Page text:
Not far from our apartment in Lisbon was Campo das Mártires da Pátria and at one end there is a rather unusual statue. Well actually the statue isn’t unusual but we were confused by all the stone and marble plaques that surrounded it. At first I thought it might be a place where people remembered their loved ones given the name of the square – Campo dos Mártires da Pátria (Field of Martyrs of the Homeland), but then I took a closer look at the plaques.
Not only did they cover a huge date range, but some were only a few years old and they all seemed to be thanking the same person. I even noticed that many of the pictures appeared to be of the same man. They couldn’t all be related! Then I spotted the small box which had candles in. Perhaps these were all votives.
Votives are offerings given or performed in fulfillment of a vow or in gratitude or devotion. The offerings can be prayers, candles, paintings, drawings, writings or even shapes carved in wood or clay. You will usually find them in a religious setting such as a church or temple, but they may also be found beside crosses on the roadside or statutes such as in this case. However what confused us was that the statue was not of a God nor of a Saint but of a 19th century doctor called José Tomás de Sousa Martins. So who was he?
Well according to the Portuguese Wikipedia Dr Sousa Martins was ‘a man of inexhaustible activity’, and on reading a summary of his life I think they may be right. His working life began in his early teens when he became an apprentice to his uncle who was a pharmacist in Lisbon. By the age of 21 he was a fully qualified pharmacist and just a couple of years later he had qualified as a medical doctor. Over the next 30 years he practiced as a medical doctor at Hospital de São José in Lisbon, leading the fight against TB ( tuberculosis ) which had reached epidemic levels within the city.
But he didn’t just stop there. Dr Sousa Martins was also on pharmaceutical and medical societies and committees, and was a Professor at Lisbon’s Medical-Surgical School. He used his teachings to promote his strong beliefs that doctors need to consider the psychological as well as physical care of their patients. I think many doctors today, surgeons in particular, could benefit from his words of wisdom – “When you enter a hospital at night and you hear a sick man moan, come up to his bed, see what the poor sick man needs, and if you have nothing else to give him, give him a smile.”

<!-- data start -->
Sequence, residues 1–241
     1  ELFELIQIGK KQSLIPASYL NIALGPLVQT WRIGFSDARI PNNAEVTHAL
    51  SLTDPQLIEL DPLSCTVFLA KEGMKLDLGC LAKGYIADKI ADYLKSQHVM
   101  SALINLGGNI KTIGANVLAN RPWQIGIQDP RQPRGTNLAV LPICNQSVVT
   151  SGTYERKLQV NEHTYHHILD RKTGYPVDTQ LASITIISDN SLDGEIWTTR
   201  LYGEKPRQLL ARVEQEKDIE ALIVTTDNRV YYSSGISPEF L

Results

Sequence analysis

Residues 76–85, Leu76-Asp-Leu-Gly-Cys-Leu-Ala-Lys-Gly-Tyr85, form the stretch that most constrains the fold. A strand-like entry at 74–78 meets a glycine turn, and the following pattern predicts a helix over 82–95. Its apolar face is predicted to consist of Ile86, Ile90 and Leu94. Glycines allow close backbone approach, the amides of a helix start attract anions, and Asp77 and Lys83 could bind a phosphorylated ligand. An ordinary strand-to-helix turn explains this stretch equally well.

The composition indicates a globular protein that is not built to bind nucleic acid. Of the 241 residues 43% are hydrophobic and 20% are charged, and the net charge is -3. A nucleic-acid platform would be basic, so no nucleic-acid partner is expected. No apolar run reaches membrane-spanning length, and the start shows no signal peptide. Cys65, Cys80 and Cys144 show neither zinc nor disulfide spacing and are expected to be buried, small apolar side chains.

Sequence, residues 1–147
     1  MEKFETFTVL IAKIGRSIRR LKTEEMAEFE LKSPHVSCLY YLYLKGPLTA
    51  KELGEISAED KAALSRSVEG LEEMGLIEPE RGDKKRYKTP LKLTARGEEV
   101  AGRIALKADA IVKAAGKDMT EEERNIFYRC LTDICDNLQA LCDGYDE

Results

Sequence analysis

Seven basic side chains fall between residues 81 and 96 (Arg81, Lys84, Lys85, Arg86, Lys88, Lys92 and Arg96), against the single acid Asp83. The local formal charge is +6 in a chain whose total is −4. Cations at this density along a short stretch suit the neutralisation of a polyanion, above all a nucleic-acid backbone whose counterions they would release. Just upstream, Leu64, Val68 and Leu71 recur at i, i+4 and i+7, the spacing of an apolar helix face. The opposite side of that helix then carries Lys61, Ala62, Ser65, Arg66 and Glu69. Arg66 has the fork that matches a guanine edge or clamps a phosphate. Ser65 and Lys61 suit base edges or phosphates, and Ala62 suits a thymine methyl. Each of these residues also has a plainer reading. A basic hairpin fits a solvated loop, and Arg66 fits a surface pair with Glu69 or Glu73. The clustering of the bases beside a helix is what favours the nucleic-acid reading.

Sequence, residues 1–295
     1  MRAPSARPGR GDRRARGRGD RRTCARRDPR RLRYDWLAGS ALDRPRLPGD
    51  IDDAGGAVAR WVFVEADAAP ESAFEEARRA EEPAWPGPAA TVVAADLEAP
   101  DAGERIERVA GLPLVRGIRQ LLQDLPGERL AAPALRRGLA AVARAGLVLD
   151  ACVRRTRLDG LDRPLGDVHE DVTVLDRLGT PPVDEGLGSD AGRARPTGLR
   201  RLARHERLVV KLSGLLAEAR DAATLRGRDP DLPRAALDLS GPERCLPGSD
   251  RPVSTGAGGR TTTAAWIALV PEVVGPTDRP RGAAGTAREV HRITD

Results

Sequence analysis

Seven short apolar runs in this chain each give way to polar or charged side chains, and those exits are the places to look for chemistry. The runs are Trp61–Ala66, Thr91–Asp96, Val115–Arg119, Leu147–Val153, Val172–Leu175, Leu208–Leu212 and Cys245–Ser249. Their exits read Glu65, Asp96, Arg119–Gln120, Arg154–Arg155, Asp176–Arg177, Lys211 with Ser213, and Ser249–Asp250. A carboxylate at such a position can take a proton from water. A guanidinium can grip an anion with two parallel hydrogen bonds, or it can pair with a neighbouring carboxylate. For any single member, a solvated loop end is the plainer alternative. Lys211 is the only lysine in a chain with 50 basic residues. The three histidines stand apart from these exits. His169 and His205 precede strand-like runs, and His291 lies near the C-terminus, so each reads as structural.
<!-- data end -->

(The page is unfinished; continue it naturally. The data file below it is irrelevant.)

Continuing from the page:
Unfortunately Dr Sousa Martins was to die relatively young. He fell seriously ill in 1897, and died a few months later by suicide at the age of 54, saying to a friend shortly before “A doctor threatened with death by two diseases, both fatal, must eliminate himself .” Dr Sousa Martins had tuberculosis and heart disease. His death was a huge shock to the country, with even the King D. Carlos I of Portugal commenting on it – “When he left the world, all the land that knew him wept. It was an irreparable loss, a national loss, with the greatest light of my kingdom fading away.” No wonder a statue was put up in his honour. However whilst he clearly achieved much in his lifetime, none of it I felt really explained the extraordinary number of votives or the fact they are still being offered to this day. So back I went to Wikipedia, this time the English site, to see what I had missed.
It seems that since his death a secular cult has ascribed miraculous healings to his spirit, and consequently devotees continue to this day more than hundred years after his death to visit, pray and leave offerings at his tomb in Alhandra and at this statue in Campo das Mártires da Pátria. The ‘healings’ are achieved through their psychic communications with him. I wonder what he would say of it all!